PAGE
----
Goodbye Piccadily, Farewell Leicester Square
In case anyone might have forgotten, the title recalls "It's
a Long Way to Tipperary..." - the song most closely associated
with the British soldier in World War I and, later, in World War
Adolf Hitler, then last in a long line of contenders, had decided
to do away with England. Before him, the German Kaiser was persuaded
during World War I that - while they were fighting the French in
France, the real adversary was England. Before the Kaiser, it was
Napoleon who tried (and failed) at sea and on land to arrest England's
growing dominance. Earlier still, Philip II of Spain had built an
entire Armada to deal with that unbearably freedom-loving bunch,
described by Shakespeare as "This happy breed of men, this
little world" surrounded by "the silver sea which serves
it...as a moat defensive to a house against the envy of less happier
Well, "this England" conducted general elections last
Thursday. There is reason to believe that where the enemies of freedom
failed century after century, the British electorate might well
The re-election of Prime Minister Tony Blair seems to reflect an
inexplicable death-wish. After decades of post-war malaise, the
loss of an empire, the de-throning of Pound Sterling, and struggling
with antiquated industries against a modernized Europe, the policies
of Margaret (now Lady) Thatcher ushered in good times indeed. Still,
one could understand the restlessness that led to the election of
a Labor government after eighteen years of Conservative rule.
But four years of Tony Blair delivered proof that underneath the
age-old communist ruse known as "Third Way" hides a man
determined to dismantle England once and for all. If we think of
America as a constitutional country, Britain is an institutional
one. The annual pageant known as the State Opening of Parliament,
traditional BBC English, the Bank of England and, most importantly,
English Common Law have all contributed to the sense of permanence
for "This precious stone set in the silver sea," where
a man was innocent until proven guilty, and "my home was my
We must remember that the English-speaking world began with England.
We must remember that the English-speaking world alone is the reason
that on our planet there is liberty for many, and hope for all.
Yes, small islets of liberty existed outside the English-speaking
world - Iceland, Holland, Denmark - but they could never have beaten
back the onslaught of would-be masters of the world operating under
Spanish, French, German, Russian, or Japanese flags. Throughout
the centuries, the British Navy ensured freedom of navigation on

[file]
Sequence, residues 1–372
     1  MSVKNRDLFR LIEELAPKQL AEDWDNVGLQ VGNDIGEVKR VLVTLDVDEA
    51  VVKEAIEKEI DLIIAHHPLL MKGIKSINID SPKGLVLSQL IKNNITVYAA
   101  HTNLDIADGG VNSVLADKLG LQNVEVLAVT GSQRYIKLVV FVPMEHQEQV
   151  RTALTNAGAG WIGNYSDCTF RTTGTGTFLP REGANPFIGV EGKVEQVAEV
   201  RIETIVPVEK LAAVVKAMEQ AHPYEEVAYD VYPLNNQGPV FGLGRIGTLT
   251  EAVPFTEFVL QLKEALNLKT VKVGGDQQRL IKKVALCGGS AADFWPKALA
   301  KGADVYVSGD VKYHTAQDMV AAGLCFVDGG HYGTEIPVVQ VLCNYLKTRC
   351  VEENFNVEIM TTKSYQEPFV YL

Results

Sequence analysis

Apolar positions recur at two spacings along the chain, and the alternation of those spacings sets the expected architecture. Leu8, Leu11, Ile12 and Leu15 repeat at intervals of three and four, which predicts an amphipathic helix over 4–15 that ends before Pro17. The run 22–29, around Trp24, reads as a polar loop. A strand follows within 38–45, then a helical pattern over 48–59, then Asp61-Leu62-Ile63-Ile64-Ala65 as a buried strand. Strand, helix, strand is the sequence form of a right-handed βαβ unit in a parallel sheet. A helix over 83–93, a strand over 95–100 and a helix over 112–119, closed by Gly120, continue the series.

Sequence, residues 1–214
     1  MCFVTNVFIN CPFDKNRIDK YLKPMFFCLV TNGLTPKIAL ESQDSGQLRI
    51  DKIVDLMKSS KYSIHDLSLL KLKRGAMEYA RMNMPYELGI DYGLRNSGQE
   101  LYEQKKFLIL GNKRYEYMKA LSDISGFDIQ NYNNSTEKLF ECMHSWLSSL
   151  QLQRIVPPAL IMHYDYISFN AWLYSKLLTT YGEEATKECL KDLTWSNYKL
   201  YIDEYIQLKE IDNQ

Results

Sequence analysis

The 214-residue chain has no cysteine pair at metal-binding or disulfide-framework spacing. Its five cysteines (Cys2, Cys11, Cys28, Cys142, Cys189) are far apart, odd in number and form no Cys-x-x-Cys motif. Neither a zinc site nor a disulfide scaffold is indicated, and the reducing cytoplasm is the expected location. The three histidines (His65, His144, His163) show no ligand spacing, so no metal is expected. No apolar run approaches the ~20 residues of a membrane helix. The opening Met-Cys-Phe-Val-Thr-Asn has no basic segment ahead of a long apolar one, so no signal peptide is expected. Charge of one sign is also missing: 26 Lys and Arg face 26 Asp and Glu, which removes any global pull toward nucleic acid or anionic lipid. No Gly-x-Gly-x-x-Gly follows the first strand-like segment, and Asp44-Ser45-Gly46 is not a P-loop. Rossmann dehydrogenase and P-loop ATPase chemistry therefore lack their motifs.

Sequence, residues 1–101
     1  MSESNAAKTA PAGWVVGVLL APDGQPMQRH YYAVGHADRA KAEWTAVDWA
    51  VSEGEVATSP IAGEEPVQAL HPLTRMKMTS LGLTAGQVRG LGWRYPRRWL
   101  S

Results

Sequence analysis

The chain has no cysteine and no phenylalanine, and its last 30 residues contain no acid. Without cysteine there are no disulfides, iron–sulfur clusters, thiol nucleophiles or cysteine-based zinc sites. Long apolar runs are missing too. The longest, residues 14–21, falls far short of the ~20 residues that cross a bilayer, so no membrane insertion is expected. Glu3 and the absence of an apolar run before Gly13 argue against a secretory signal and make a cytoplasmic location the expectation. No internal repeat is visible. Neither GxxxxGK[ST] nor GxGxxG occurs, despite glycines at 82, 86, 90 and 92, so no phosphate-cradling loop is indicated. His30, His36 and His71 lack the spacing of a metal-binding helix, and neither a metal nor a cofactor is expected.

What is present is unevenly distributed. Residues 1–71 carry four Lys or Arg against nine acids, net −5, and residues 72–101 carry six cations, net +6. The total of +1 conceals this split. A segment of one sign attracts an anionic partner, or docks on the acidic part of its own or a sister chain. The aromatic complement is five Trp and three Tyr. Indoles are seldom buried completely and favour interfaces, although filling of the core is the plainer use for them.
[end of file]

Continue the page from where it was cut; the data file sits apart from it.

the high seas until the United States Navy was ready to assume that
The collapse and destruction of the aggressors and, consequently,
the victory of the English-speaking world at the end of World War
II was of such mammoth dimensions as to enable the latter to impose
democratic forms of government upon the former. Alas, one aggressor
remained standing because it could claim victim status as well -
Soviet Russia. It took another forty-five years for that remaining
aspirant for world domination to fall.
Unfortunately, the ensuing euphoria was based on wishful thinking.
The philosophy of world domination, best known as "Socialism,"
never was excised from its original twin-homes: France and Germany.
Setting aside centuries of family feud, their natural alliance found
expression in a new, ingenious, openly socialist nightmare called
the European Union. The fall of the Soviet Union, combined with
the misconception of Americans who equated socialist philosophy
with the Soviet Union, enabled yesterday's communists to take the
helm all over the European Continent, claiming now to be "good"
socialists under various pseudonyms.
And, for the first time, they saw their own installed as leaders
of the English-speaking world - enter the Clintons and the Blairs.
Owing to overwhelmingly healthy instincts, America noticed forthwith
the Clintons were about to dismantle everything that had made America,
America, and applied countermeasures within two years by electing
a Republican Congress. England, it seems, has abandoned itself.
Of course, England does not have the system of checks and balances
our Founding Fathers - blessed be their name - have bequeathed to
But England has been the source, the root that has sustained the
tree. And "This fortress built by Nature for herself against
infection" is about to be dismantled and the remnants absorbed
into a Europe incapable of transcending the institutions of feudal
hierarchy - of which the European Union and its socialist structure
is merely the industrialized, modernized variant. English Common
Law and the eight-hundred-year old jury system are about to be traded
for the straitjacket of Continental law under which you have to
prove your innocence, and professional jurists pronounce the verdict.
We in America can respond in one of two ways. We can throw in the
towel and recite the unforgettable words of the American poet Alice
Duer Miller, who immortalized the heroic, lonely stance of England
facing a monstrous Germany and a cowardly France in "The White
"I have seen much to hate here, much to forgive.
But in a world where England is finished and dead,
I do not wish to live."
Or we can hear the call of history and respond as Americans always
have. We need to separate reality from the public relations offensive
that would have us believe that the world is going "our way"
and understand that, for the time being, we alone stand guard over
the true rule of law, freedom of choice, and, above all, liberty
on land and at sea.
And when it comes to liberty, there is no Third Way.